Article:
Leighton’s and Dessoye’s legal fees being paid by taxpayers

Could taxpayers be on the hook for more than $800,000 in legal fees?

This story reveals a dirty little secret that Wilkes-Barre Mayor Thomas Leighton and Wilkes-Barre Police Chief Gerard Dessoye don’t want you to know about. It involves their use of taxpayer money to defend against what may be the most defensible and righteous lawsuit I have seen in some time. Local entrepreneur Thom Greco has filed a lawsuit in regards to what I call a “shock and awe” campaign intended to close his nightclub, The Mines. Greco’s nightclub, with nary a single citation, was shut down in what looked like a military operation. Taking part were no fewer than 30 law enforcement agencies, three Liquor Control Board agents, a Wilkes-Barre Swat Team, eight police vehicles, one motorcycle, and two K-9 dogs. See if you aren’t outraged to know that taxpayer dollars are being used to defend these bullies and the “military style” use of their minions.

 

City legal fees block diagram

 

 

 

 

 

Narrative
Let’s begin by noting that this nightclub had a perfect safety record. No violations, whatsoever. Defendants in the case are four King’s employees (some of whom may have retired), Chief Dessoye, Mayor Leighton, and others. According to the Greco lawsuit:

— The Mines’ patron demographic was approximately 30–40 % African-American and Hispanic.

— Wilkes-Barre Police Chief Gerard Dessoye advised The Mines’ owner Thom Greco that the clientele of the establishment was not a “good mix” with King’s College and that it was the “wrong crowd.”

— Father O’Hara of King’s College advised Greco that the clientele was not a “good mix” with King’s. He stated that he would attempt to have them shut down.

— Robert McGonicle (King’s VP of Student Affairs) and John McAndrew (King’s Dean of Students) sent an email inviting students to a forum on how to file LCB complaints against The Mines.

— Paul Lindenmuth (Chair of Criminal Justice and Sociology at King’s) falsely told students that there had been drug busts at The Mines and that the nightclub had lost its licenses.

— The city began harassment by falsifying police reports to make it appear as though crimes were being committed.

As mentioned earlier, employed in the sting were 30 law enforcement agencies, three Liquor Control Board agents, a Wilkes-Barre Swat Team, eight police vehicles, one motorcycle, and two K-9 dogs. A “shock and awe” campaign against The Mines was launched and it was shut down.
Information regarding the suit is listed below. One must question the fact that if Leighton and Dessoye are being sued individually . . . then why does the city’s general fund pay for all of the legal fees? The taxpayers pay for:

— The fine from the state for the theft of gas

— Leighton’s security system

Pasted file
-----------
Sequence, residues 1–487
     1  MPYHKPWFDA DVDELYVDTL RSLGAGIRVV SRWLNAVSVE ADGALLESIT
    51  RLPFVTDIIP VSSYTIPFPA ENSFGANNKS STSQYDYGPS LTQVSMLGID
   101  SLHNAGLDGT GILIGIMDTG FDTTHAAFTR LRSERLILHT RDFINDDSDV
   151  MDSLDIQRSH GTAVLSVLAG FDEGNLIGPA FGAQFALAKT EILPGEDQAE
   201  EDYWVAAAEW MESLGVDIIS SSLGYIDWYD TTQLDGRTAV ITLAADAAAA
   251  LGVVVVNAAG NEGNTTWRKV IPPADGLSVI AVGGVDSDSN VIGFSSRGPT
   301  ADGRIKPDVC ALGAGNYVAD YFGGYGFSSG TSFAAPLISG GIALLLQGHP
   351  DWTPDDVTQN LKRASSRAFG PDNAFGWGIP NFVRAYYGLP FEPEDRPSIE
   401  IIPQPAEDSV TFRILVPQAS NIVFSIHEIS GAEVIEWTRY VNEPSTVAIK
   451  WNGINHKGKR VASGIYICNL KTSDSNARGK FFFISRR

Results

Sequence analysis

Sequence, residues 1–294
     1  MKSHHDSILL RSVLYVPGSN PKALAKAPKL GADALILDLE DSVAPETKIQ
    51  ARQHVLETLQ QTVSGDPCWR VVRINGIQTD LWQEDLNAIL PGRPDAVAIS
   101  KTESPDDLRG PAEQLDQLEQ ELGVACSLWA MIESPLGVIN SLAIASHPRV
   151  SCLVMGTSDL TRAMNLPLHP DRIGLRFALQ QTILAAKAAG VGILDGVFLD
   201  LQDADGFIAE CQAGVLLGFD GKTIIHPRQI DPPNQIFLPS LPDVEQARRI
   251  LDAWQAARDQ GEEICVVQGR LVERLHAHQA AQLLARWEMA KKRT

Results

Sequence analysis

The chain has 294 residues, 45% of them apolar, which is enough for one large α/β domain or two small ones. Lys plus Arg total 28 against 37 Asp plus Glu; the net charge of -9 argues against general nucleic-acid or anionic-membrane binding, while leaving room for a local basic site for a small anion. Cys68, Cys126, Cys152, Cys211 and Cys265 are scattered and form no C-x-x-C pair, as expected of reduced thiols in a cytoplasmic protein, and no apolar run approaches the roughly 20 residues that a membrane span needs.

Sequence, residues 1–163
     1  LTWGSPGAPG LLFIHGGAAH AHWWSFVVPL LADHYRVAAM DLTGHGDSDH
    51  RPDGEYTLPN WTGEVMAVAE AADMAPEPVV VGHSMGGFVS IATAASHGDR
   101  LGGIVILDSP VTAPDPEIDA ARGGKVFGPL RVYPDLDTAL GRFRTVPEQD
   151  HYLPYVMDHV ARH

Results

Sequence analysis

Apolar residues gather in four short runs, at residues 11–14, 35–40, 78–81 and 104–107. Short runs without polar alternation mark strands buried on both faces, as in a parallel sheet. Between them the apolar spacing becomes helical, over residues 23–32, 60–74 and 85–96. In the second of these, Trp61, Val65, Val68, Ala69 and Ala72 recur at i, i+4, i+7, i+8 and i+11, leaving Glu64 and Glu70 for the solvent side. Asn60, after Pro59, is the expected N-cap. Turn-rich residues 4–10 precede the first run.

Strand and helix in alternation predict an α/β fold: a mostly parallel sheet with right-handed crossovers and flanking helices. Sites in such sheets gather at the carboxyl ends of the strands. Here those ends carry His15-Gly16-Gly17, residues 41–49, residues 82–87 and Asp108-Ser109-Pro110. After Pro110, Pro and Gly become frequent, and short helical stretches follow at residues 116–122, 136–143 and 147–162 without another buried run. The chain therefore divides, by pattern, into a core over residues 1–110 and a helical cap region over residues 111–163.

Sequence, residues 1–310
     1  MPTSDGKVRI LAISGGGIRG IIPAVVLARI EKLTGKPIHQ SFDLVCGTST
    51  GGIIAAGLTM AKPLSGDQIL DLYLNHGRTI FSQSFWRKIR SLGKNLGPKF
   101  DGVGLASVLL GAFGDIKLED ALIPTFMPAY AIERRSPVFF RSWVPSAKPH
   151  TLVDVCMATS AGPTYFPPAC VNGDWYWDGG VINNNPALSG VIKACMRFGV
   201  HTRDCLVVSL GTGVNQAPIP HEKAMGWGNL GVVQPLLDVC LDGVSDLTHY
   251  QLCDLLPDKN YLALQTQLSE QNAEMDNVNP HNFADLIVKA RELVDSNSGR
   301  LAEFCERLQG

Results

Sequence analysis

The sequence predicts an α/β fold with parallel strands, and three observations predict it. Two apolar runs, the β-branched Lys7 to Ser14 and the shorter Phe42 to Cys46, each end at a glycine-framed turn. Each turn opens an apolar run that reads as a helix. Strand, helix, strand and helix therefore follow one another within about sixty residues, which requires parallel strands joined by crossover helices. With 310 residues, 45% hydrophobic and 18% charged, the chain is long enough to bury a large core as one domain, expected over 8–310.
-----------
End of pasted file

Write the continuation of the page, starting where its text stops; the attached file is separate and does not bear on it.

— … and now legal fees that collectively could exceed $800,000?

 

Plaintiff: Thom Greco (owner of The Mines)

Defendants:
City of Wilkes-Barre (represented by Thomas Campenni and Donald Brobst of Rosenn, Jenkins & Greenwald) and individually …

— Mayor Thomas Leighton
— Police Chief Gerard Dessoye
— JJ Murphy (former city admin)
— Tony Thomas Jr. (former Wilkes-Barre councilman)
— Kathy Kane (current city controller and former Wilkes-Barre council chairperson)
— William Barrett (current Wilkes-Barre council chairperson)
— Rick Cronauer (current magistrate and former Wilkes-Barre councilperson)
—Michael Merritt (current Wilkes-Barre councilman and former Wilkes-Barre council chairperson)

Luzerne County (represented by Deborah Simon and John Dean of Elliot Greenleaf) and individually …

— Michael Savokinas (individually and as Luzerne County sheriff)

King’s College (represented by David Schwalm of Thomas, Thomas, & Hafer) and individually …

— Father Thomas J O’Hara
— Robert McGonicle
— Paul Lindenmuth
— John McAndrew

Summary of counts (against city)
Count 1 42 USC § 1983, 1985
Violation of 14th Amendment (Equal Protection under the law) bars selective enforcement and provides that business be treated as others similarly situated. The Mines was subject to far harsher law enforcement than other similar businesses (to say the least).

Count 2 42 USC § 1981, 1982
The Supreme Court has noted that these statutes protect an individual (Greco) who suffers retaliation by virtue of  protecting others from racial discrimination (The Mines patrons).

Count 3 42 USC § 1985
What is alleged here is a conspiracy motivated by discrimination to deny equal protection.

Count 4 14th Amendment claims of alleged abuse of police power in order to destroy Plaintiff’s (Greco’s) business along with harassment and stigmatization of business.

Count 5 14th  Amendment due process clause prohibits law enforcement from depriving “any person of life, liberty, or property without due process of the law.”  It bars arbitrary and wrongful government actions. This deprivation of liberty rises to the level of “shocking the conscience.”

Count 6 Tortious (a civil wrong, ie, “sue-able”) interference with business relationships.

Count 7 Mr. Greco’s claim against Mayor Leighton and Chief Dessoye (in Count VI of memorandum).

 

FOOTNOTES

A) Legal fees of $41,630 have been paid by the city through July 2013, according to public records.

— Plaintiff Thom Greco has stated, “We aren’t even 10% into this lawsuit.”

— Greco: “There are at least 60 depositions and 70 counts associated with what will be a jury trial.”

— If $41,630 is only 10% of the fees . . . then 100% would be $416,300

— Assuming the two county attorneys charge approximately the same amount as Rosenn, Jenkins & Greenwald, then the total would be $416,300 x 2, or $832,600

 



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